Cecily began playing the bassoon at age ten in her native country of Korea. She quickly become an important woodwind performer in Korea. She was the valedictorian of her class at the Seoul National University and received both the Professional Studies and Masters degrees from the Mannes College of Music in the United States. Mrs. Sher has performed in both Carnegie and Merkin Halls, with New York Sinfonietta, and was the chosen winner of a Young Artists Competition in New York in 1999.
It’s evident that Cecily is quite an accomplished musician. She’s performed the Mozart Bassoon Concerto in major halls and with significant orchestras, so we asked Cecily tell us more about the Mozart Bassoon Concerto. Here’s the interview that followed:
Cecily: “The Mozart Bassoon Concerto is by far the most important concerto written for my instrument. Like with his concertos for other instruments, it is extremely difficult because of the transparency of the style. If you make a mistake, everyone knows it! Many more modern composers have taken on writing for bassoon, but often those pieces are less familiar and in that sense are perhaps easier from a performer’s standpoint. The Mozart is a work of a genius and I think special in that unlike the piano or violin, he didn’t play the bassoon with any noted proficiency. But he wrote it with such a deep understanding of the instrument, which also makes it a joy to play.”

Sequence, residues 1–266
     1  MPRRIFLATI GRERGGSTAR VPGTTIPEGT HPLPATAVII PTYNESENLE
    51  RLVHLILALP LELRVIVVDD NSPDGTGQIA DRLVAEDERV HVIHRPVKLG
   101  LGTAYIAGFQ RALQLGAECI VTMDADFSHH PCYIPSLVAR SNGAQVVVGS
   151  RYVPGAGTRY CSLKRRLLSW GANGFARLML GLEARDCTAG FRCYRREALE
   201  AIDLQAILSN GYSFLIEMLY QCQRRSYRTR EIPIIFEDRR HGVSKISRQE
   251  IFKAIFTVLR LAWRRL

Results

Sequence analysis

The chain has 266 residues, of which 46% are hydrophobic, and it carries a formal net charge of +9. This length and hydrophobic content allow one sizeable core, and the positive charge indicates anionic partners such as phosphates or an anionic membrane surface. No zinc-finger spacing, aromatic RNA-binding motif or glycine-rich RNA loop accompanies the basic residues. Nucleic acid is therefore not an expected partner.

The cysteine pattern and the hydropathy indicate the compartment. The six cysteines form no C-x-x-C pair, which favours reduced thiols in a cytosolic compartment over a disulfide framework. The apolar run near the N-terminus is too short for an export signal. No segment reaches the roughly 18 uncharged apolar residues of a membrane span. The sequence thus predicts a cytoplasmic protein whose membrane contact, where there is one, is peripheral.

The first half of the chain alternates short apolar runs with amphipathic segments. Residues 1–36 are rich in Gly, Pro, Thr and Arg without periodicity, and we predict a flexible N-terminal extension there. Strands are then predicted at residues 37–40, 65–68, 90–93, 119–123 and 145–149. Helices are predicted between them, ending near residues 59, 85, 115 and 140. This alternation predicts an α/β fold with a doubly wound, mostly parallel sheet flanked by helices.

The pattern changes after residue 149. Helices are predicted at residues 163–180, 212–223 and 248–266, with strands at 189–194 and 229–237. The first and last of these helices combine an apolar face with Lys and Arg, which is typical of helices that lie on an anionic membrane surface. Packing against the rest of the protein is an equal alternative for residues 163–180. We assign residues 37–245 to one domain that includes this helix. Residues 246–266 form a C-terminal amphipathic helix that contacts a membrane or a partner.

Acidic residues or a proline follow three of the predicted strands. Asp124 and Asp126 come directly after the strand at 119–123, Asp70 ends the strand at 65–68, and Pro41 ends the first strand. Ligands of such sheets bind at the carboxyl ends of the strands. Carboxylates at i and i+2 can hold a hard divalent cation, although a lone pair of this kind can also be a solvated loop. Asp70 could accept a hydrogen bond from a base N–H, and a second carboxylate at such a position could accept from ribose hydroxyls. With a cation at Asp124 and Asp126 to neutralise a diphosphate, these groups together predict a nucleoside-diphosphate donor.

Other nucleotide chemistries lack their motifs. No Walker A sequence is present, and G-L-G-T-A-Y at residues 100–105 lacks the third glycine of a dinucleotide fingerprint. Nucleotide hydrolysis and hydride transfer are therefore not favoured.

Anderson Symphony: As a classical musician, what type of music do you enjoy?
Cecily: “It may be surprising, but I don’t listen to classical music that much when I’m home. I play it so much, I like to have variety. Often I will listen to jazz vocalists like Liane Folyor Billie Holliday and I also enjoy K-Pop, the popular pop music from Korea.”
Anderson Symphony: It’s clear that you’ve grown up playing bassoon, can you tell us more about a defining moment that shaped your career?
Cecily: “When I was 11 years old I entered a competition in my home city of Seoul. I was extremely young as there were no other bassoon players of my age. I ended up winning, in the process beating out a number of competitors who were closer to 20 years of age. I think that allowed me to understand that I had talent and could be successful with the bassoon.”
Anderson Symphony: It’s common that musicians become connected to music through their family. Can you tell us about your own home and the role music plays?
Cecily: “I’ve always been connected to my family through music. When I was growing up in Korea, I was surrounded by the sounds of my older sisters who were both musicians. My son played piano at an early age though he’s exploring other interests now, but I have performed with my husband who plays viola. My husband and I met through music. Music is such an important part of our family I can’t imagine life without it.”
We hope you will join the Anderson Symphony Orchestra on February 25th at 7:30 (Paramount Theatre) to hear Cecily and Mozart’s Bassoon Concerto. Tickets are available from $18-$35 and there are student tickets for $5. You can purchase here or call 765.644.2111. Prior to the concert the ASO will host a signature Chocolate and Wine Tasting from 5-7 at the Sandlin Agency. Learn more.